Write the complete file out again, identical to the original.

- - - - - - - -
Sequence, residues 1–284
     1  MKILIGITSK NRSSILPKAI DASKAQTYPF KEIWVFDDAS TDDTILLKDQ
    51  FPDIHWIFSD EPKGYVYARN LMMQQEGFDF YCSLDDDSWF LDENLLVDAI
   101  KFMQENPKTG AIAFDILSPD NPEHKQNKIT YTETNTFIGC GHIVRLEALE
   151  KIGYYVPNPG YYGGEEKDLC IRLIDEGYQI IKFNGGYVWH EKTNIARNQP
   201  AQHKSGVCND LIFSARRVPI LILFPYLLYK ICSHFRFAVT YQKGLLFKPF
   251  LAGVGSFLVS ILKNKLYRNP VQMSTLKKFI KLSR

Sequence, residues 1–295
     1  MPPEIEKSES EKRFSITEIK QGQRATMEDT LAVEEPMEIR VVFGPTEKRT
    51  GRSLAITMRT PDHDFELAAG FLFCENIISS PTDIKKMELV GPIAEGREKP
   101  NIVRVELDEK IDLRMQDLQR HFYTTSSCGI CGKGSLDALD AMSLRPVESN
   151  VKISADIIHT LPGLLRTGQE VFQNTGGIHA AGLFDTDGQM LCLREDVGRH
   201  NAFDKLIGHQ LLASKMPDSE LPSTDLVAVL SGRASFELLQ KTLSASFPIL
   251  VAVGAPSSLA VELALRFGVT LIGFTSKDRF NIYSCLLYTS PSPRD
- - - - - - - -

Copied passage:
Sequence, residues 1–284
     1  MKILIGITSK NRSSILPKAI DASKAQTYPF KEIWVFDDAS TDDTILLKDQ
    51  FPDIHWIFSD EPKGYVYARN LMMQQEGFDF YCSLDDDSWF LDENLLVDAI
   101  KFMQENPKTG AIAFDILSPD NPEHKQNKIT YTETNTFIGC GHIVRLEALE
   151  KIGYYVPNPG YYGGEEKDLC IRLIDEGYQI IKFNGGYVWH EKTNIARNQP
   201  AQHKSGVCND LIFSARRVPI LILFPYLLYK ICSHFRFAVT YQKGLLFKPF
   251  LAGVGSFLVS ILKNKLYRNP VQMSTLKKFI KLSR

Sequence, residues 1–295
     1  MPPEIEKSES EKRFSITEIK QGQRATMEDT LAVEEPMEIR VVFGPTEKRT
    51  GRSLAITMRT PDHDFELAAG FLFCENIISS PTDIKKMELV GPIAEGREKP
   101  NIVRVELDEK IDLRMQDLQR HFYTTSSCGI CGKGSLDALD AMSLRPVESN
   151  VKISADIIHT LPGLLRTGQE VFQNTGGIHA AGLFDTDGQM LCLREDVGRH
   201  NAFDKLIGHQ LLASKMPDSE LPSTDLVAVL SGRASFELLQ KTLSASFPIL
   251  VAVGAPSSLA VELALRFGVT LIGFTSKDRF NIYSCLLYTS PSPRD